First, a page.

Richard Montgomery moves into first place -- Gazette.Net


When Shane Corcoran was a freshman at Richard Montgomery High School, very few, if any, of his friends knew there was an ice hockey team at the school.

“It was more than should be acceptable,” said Corcoran, now a junior. “They had no clue.”

There was little reason to. The Rockets won a single game that season and rarely were competitive with their opponents. Two years later, that’s changed. Midway through the season, the Richard Montgomery co-op has a much larger following and is, most importantly, winning. Midway through the season, they are in first place in the Montgomery 1A Division.

The past struggles helped Richard Montgomery, which also has players from Rockville, and Col. Zadok Magruder, get to this point. The majority of its 12 juniors have been together since freshman year when the team lost 10 games.

“The kids have been playing together now for two years and we’ve matched up the lines with their abilities pretty well,” coach Paul Lofgren said. “We take advantage of each person’s skills to get the best lines out there.”

The improvement started last season when the Rockets went 7-4-1. But an inordinate amount of penalty minutes led to the team’s demise after a 5-0 start.

“[Last year] we had a lot of seniors that left a mark on us to be physical and take cheap shots,” said junior Lucas Flavell, a Rockville student who leads the Rockets with eight goals. “We realize we can’t play cheap to win. If we play a physical team we have to play smart and let them get the penalties.”

The Rockets are scoring in bunches this year, averaging 5.7 goals per game while allowing 3.7.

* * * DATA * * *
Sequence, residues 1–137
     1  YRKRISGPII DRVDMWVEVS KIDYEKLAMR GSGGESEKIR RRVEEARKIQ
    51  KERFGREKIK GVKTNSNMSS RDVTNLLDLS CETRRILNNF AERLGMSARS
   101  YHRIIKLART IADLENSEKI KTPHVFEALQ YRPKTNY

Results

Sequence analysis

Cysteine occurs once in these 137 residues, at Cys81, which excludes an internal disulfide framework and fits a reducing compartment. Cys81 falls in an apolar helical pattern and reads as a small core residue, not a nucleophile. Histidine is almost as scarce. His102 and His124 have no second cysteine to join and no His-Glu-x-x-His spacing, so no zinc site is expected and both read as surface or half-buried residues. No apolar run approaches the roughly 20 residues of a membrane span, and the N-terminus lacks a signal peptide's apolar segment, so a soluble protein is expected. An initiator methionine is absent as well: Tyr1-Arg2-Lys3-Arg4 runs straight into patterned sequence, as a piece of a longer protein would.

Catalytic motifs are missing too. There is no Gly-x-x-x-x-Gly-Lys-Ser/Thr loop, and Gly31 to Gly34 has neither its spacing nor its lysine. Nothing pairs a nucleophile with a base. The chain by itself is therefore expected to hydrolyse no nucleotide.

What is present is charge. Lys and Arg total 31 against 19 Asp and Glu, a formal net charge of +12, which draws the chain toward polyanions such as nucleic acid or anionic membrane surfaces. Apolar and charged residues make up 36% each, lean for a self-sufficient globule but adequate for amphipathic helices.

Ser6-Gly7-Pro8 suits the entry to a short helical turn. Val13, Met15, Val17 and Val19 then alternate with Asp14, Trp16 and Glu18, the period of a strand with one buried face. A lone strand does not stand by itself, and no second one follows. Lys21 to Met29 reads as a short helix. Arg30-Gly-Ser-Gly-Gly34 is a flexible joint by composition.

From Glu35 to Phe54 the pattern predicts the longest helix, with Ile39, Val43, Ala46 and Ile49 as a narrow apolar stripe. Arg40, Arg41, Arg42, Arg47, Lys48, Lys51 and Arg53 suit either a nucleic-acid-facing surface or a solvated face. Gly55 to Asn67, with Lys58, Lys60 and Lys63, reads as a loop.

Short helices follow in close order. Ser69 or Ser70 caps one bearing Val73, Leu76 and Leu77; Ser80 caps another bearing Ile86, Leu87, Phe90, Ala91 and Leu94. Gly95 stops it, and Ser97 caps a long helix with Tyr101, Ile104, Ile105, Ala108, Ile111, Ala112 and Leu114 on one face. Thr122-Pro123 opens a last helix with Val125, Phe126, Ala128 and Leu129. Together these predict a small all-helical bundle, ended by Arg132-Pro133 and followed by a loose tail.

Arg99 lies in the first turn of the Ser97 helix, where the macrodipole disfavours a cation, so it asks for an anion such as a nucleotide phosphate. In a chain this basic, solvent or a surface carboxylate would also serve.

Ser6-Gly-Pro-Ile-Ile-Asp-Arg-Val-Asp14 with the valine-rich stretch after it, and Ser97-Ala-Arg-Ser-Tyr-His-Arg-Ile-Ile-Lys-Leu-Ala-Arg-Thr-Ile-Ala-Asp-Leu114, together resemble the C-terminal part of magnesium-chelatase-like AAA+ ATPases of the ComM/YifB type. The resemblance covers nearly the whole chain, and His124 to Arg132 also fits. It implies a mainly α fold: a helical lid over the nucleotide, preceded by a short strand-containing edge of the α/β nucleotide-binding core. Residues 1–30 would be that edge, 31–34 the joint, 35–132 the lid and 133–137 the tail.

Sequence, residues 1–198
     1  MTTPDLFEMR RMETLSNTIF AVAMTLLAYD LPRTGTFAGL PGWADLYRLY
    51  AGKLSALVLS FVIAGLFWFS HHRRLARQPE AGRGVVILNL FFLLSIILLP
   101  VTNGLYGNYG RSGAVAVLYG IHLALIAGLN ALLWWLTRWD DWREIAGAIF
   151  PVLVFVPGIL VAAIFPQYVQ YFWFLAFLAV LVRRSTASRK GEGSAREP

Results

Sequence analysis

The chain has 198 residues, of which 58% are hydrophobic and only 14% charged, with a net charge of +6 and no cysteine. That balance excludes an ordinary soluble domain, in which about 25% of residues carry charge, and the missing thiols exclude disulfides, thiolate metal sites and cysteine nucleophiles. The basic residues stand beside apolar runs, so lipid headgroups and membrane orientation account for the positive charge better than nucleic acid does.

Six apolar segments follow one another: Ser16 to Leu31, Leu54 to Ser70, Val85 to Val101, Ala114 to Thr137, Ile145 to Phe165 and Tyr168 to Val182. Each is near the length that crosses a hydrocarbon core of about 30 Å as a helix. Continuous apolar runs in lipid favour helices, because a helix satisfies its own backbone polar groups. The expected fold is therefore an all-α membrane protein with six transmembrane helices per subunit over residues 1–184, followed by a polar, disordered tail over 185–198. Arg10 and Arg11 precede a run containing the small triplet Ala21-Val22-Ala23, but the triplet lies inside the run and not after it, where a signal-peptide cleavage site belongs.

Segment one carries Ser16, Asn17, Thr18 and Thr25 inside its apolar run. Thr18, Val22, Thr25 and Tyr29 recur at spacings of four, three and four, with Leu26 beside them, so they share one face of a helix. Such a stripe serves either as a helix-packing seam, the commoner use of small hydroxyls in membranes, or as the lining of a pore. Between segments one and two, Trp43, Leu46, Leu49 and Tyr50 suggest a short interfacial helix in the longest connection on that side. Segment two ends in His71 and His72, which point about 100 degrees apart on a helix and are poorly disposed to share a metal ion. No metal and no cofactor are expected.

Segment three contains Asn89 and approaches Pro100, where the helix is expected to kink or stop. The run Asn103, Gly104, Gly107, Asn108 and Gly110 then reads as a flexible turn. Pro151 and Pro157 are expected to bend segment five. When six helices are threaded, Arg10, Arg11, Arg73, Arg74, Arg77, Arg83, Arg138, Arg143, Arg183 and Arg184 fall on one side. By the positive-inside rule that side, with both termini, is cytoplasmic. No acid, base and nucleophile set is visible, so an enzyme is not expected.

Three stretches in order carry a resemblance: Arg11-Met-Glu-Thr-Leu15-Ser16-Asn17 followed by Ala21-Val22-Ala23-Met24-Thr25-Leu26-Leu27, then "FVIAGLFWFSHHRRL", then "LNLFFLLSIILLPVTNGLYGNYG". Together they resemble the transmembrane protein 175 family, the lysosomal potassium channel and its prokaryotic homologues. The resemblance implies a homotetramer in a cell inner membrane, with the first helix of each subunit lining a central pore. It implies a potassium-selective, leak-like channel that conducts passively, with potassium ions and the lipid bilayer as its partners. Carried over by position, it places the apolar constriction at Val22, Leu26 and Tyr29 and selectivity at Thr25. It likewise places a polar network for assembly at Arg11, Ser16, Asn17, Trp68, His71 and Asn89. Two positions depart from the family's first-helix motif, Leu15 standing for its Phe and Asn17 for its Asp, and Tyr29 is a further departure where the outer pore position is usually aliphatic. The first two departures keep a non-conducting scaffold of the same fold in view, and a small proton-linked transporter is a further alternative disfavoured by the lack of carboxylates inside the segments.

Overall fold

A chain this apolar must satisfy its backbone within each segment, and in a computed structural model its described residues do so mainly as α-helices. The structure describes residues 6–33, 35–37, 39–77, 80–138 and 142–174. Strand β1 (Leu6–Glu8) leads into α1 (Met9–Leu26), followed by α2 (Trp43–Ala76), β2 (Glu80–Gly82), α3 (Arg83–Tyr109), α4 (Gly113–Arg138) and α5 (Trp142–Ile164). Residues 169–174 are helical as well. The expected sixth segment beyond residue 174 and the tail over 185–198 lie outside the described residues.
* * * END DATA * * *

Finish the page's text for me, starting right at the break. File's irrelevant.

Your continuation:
While some wins have come by wide margins — the largest were against Poolesville, 10-0, and Blake, 13-1 — they’ve still shown the ability to win close games.

Against the two teams behind it in the standings, Richard Montgomery (5-2) defeated Montgomery Blair (3-2) and the D.C. Stars (3-2) by scores of 4-3 and 2-1, respectively.

“I love those games because you take it more seriously,” Flavell said. “You play better when the games are that tight because you know you can’t mess up because if you do, you might lose and you take it a lot more seriously.”

Described by Lofgren as a finesse team, the biggest hurdle for Richard Montgomery would be facing an overly physical team, which have trapped the Rockets in the past.

Corcoran, who is fourth on the team with eight points, thinks having a few years of experience will help the team in those matchups, which will probably come during the playoffs.

“I know me and some of the kids on offense aren’t going to have a problem with that,” he said. “Kids that play on the fourth line, they might get a little hesitant. But we can hit too and we can definitely dish it out.”